Big snow is on the way!
It got me thinking about a time I had occasion to sit at a table with a group of active folks. They were, for the most part, all skiers. At one point, I was grilled on my sporting habits. It went like this:
Acting District Attorney for the table, heretofore referred to as The DA: “So, do you ski?”
Me: “No, I don’t.”
The DA, looking disgusted: “Do you run?”
The DA, looking almost physically ill: “Do you play tennis or golf?”
The DA: “So, what are you…some sort of blob or something?”
Me: “Glurrbble.” (I was eating my dessert.)
At that point, The DA must have decided I’m practically a vagrant and asked “Well, do you at least own your own home?”
It was also mentioned to me that I’ve lost a lot of hair since starting on KMBC. Making me a balding blob.
But, back to the original question: “Do you ski?”
It’s time for true confessions: I have never been snow skiing. Yes, I’m from Wisconsin and I even worked at a ski resort up there for a winter season. But, for a number of reasons–money, ability, fear–I’ve never tried to ski. Although the wonderful folks out at Snow Creek have offered many kind invitations to try, it just hasn’t happened.
My brother, Craig, once spent a lot of money on cross-country skis, which he may even have used once. Cross country skiing is supposed to be great exercise but, to me, it always seemed like just a snooty cousin to snow-shoeing. I suspect, on skis, I’d be more Body Cast than Bode Miller.
However, my lack of Jean- Claude Killyasity, does not mean I am averse to fun in the snow. I have gone downhill in so many ways, including my looks, career, mental acuity, that going downhill for real is not a big deal.
Once, out at the aforementioned Snow Creek, I competed in a trash-bag race. It involved a large, plastic garbage bag and several other sliders. I am proud to say I finished, and then, my family put me out by the side of the street for pick-up.
I also have a pair of Fanny-Skis. They are just what they sound like. You strap them on your bottom and off you go. It’s not really a one-size-fits-all contraption. As I get older and wider…not wiser, but wider…when I use the Fanny Skis, the trail left behind looks like Babar the Elephant has arrived at the Waldorf carrying several pieces of luggage.
Where a person goes sledding may be more important than what they go sledding on. Our first house, north of the river, had a great hill right out the front door. Now, the kids have to walk only about a block to get to a pretty fair course. When I was a kid there were two main places to go sledding. One was good. One was evil.
The good one was called Steuber’s Hill. It was just out-of-town and wide open. No dangerous trees or roads to worry about. It was named after the family of my third-grade teacher, Mrs. Steuber. She ranks with the best teachers I ever had. When I was in her class, about nine years old at the time, my oldest brother and his wife had their first child. In fact, that baby was the first of that new Nichols generation. The little arrival was a girl which made me nervous, thinking that would make me an aunt, not an uncle. After answering that question for me, Mrs. Steuber, being an amazing artist, made me a really cool, over-sized card to give to my new niece. To this day, we still get Steuber originals at Christmas-time. (She also gave me a “D” in penmanship once. It got my attention. Something a great teacher can do!) Anyway, Steuber Hill was so bright and happy a spot, it would have made Currier and Ives think their own work was too dark and foreboding.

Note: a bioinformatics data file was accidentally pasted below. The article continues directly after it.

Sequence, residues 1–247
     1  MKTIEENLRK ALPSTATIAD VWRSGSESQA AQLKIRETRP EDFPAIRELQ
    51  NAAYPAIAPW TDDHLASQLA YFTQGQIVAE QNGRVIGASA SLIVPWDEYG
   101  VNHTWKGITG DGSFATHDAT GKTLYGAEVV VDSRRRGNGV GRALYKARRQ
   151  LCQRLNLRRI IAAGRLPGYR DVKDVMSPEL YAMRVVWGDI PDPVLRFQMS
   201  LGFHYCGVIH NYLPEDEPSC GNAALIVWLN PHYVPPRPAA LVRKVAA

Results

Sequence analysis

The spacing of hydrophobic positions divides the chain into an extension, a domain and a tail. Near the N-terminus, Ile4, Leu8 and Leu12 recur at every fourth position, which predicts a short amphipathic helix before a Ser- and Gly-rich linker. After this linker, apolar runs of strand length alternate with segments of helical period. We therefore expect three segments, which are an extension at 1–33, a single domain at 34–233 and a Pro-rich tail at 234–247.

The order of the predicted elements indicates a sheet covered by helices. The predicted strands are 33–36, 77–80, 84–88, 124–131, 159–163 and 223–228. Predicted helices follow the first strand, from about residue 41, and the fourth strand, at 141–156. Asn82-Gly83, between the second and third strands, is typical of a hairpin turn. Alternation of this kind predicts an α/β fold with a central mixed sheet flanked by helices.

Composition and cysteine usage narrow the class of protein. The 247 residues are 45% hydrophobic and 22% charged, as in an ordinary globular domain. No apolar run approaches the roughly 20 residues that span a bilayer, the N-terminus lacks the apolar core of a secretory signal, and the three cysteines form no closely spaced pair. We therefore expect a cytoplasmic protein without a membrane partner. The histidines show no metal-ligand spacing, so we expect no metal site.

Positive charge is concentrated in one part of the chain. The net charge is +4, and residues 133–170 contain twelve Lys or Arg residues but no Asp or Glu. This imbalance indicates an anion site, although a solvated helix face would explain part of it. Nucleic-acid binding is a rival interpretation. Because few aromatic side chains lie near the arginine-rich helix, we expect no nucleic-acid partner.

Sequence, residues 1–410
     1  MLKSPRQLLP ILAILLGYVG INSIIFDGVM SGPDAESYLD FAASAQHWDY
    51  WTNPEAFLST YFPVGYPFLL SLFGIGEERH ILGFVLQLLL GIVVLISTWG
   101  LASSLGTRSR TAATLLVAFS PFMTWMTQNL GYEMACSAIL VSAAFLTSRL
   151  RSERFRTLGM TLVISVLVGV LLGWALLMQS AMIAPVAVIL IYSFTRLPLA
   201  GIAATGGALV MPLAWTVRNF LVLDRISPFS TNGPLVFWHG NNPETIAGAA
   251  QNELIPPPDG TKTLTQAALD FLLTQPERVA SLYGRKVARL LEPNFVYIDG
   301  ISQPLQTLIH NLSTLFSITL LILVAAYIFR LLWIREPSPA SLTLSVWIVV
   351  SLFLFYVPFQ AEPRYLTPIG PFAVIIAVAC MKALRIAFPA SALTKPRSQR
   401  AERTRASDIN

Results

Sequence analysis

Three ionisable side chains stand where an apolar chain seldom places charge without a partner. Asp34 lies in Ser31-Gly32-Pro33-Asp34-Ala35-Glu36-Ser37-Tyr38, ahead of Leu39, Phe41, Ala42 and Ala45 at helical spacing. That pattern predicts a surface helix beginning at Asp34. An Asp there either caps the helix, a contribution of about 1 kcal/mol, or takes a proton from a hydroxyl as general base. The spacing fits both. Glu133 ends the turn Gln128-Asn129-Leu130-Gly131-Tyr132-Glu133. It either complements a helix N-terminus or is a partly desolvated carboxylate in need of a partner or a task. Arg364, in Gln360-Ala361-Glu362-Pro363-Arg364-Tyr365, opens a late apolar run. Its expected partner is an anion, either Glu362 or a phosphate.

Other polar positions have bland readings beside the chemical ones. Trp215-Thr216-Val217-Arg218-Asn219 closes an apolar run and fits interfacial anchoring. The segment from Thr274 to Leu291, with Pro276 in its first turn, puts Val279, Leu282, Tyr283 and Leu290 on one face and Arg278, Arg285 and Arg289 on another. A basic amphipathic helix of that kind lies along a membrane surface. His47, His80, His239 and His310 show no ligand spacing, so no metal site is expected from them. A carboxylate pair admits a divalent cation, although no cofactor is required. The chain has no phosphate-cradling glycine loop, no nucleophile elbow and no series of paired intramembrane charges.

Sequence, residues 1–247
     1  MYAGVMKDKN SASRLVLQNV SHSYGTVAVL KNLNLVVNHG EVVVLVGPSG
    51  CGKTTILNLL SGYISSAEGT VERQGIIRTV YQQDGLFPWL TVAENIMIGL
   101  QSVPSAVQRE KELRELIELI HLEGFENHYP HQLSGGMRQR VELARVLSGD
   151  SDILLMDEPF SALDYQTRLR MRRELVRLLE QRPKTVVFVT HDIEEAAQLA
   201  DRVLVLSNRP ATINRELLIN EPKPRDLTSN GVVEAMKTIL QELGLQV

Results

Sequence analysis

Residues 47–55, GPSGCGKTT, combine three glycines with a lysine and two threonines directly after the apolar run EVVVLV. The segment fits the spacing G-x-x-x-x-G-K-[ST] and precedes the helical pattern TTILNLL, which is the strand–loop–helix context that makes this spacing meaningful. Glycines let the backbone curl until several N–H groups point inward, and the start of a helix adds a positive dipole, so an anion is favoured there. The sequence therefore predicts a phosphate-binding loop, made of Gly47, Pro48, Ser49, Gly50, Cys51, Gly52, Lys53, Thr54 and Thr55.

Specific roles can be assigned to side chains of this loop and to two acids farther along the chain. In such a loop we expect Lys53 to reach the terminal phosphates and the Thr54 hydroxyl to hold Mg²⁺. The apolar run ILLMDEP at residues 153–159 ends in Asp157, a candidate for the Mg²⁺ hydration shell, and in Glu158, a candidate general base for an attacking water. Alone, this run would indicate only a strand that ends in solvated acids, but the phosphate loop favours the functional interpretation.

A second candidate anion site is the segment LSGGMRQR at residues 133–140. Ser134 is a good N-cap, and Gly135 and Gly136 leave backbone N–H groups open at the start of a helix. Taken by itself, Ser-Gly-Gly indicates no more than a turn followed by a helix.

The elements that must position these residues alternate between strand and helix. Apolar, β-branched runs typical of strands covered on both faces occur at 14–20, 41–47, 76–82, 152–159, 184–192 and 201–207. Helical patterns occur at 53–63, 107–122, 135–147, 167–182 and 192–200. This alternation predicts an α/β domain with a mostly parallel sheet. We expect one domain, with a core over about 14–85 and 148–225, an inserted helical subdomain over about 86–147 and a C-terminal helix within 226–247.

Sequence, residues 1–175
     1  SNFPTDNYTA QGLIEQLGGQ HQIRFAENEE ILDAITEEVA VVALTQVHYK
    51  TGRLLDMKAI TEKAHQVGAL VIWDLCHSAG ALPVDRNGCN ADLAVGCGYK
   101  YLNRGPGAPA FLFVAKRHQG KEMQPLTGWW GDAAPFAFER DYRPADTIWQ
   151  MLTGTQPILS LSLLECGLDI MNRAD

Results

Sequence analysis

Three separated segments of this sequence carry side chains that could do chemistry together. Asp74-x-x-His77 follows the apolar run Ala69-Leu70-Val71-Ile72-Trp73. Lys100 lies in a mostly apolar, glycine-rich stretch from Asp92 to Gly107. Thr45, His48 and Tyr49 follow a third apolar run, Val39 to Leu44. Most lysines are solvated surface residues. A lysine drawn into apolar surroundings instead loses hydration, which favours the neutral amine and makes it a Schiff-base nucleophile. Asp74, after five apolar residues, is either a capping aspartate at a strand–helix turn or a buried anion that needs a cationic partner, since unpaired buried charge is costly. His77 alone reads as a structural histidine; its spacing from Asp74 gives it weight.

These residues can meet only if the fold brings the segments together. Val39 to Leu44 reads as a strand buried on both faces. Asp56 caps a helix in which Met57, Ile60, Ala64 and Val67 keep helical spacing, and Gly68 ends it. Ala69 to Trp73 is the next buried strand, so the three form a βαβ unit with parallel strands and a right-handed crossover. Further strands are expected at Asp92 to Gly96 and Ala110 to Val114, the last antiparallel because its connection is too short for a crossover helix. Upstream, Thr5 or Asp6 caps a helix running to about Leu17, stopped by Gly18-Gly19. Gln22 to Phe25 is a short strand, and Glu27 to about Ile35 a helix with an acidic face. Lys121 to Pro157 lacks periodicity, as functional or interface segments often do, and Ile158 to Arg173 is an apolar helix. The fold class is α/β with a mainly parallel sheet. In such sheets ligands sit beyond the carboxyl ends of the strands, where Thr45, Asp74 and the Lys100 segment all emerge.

Speaking of “dark and foreboding,” that describes the other sledding place in town. It was a narrow, icy path right off of the main drag, Water Street. Way too close to that busy thoroughfare. You’d fly down the chute with trees and branches and rocks everywhere. If you veered just an inch off the beaten path, you were done. If you went too far, you were in the river…which didn’t always freeze too completely.
A good friend of mine urged me to go sledding there. So, I traipsed along. When I got there, I swear I heard that music all kids associated with death back then….”dum..dum…dumdum…dumdumdumdumdumdumdummmmmm.” And, dumb is how I felt, too. This was not a happy woodland setting. There was no Bambi or Thumper.
There was one scruffy looking chipmunk sitting in a tree, smoking a Lucky Strike and drinking an Old Milwaukee. Every now and then, he’d yell to nobody in particular, “Darn you Alvin…that shoulda been me…”
The trees and rocks were not soothing. It was the type of setting Walt Disney would’ve created had he gotten a bad piece of olive loaf in the studio commissary. Well, I chickened out and went home. Either that day or the next, the good friend who had encouraged me to try it, went off the trail and broke his collar-bone. He blamed the chipmunk.
But, the best place to go sledding and have fun in the snow, for the last 25 years or so, has been out at Grandma and Grandpa’s lake cottage. They have a very long, fast hill that is perfect for any kind of sled. Thanks to the snowmobiles, you can get a ride back up to the top. Also, it is comforting to know that a warm fire and hot chocolate are only a step or two away.
That’s the hill… behind that extremely attractive couple.
I wonder if the DA would have approved of snowmobiling as exercise?